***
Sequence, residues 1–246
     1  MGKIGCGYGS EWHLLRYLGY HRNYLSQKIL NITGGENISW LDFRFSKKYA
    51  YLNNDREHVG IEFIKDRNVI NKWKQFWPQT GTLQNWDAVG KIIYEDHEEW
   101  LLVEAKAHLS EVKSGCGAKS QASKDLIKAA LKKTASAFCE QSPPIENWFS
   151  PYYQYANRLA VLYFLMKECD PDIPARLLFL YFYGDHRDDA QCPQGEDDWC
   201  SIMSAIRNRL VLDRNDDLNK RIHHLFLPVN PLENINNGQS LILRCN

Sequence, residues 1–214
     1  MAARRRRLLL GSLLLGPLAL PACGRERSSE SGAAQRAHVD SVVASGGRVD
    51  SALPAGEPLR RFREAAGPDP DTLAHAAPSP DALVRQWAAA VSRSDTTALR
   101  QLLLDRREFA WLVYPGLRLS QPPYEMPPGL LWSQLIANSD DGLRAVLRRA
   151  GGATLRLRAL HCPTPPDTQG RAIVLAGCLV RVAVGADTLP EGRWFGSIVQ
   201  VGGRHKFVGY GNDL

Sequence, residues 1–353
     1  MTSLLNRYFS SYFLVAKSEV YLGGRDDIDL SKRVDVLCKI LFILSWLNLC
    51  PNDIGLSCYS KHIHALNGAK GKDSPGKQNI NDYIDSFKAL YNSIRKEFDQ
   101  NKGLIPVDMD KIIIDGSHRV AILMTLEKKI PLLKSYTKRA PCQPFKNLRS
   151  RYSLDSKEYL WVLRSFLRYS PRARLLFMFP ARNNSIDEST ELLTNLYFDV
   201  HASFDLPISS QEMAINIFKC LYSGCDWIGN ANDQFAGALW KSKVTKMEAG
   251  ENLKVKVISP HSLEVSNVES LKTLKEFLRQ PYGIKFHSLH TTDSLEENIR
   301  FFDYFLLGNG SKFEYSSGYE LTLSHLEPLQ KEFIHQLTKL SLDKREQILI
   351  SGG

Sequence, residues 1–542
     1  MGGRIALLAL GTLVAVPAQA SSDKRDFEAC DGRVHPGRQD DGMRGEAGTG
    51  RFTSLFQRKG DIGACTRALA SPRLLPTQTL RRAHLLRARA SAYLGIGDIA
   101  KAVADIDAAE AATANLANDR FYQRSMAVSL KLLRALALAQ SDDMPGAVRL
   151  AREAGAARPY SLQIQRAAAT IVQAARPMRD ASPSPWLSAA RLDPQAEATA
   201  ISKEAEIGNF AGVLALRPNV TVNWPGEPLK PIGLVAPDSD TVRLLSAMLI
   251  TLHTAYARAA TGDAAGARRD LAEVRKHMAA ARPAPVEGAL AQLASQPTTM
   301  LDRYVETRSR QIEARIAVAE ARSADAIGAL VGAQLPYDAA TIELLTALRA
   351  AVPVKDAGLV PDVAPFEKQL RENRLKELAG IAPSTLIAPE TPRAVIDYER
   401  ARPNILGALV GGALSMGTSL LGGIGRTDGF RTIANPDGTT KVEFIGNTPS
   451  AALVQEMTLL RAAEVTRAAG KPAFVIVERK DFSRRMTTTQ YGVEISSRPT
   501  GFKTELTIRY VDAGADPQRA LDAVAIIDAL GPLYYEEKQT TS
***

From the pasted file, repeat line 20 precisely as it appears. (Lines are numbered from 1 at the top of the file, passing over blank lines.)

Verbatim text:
   301  FFDYFLLGNG SKFEYSSGYE LTLSHLEPLQ KEFIHQLTKL SLDKREQILI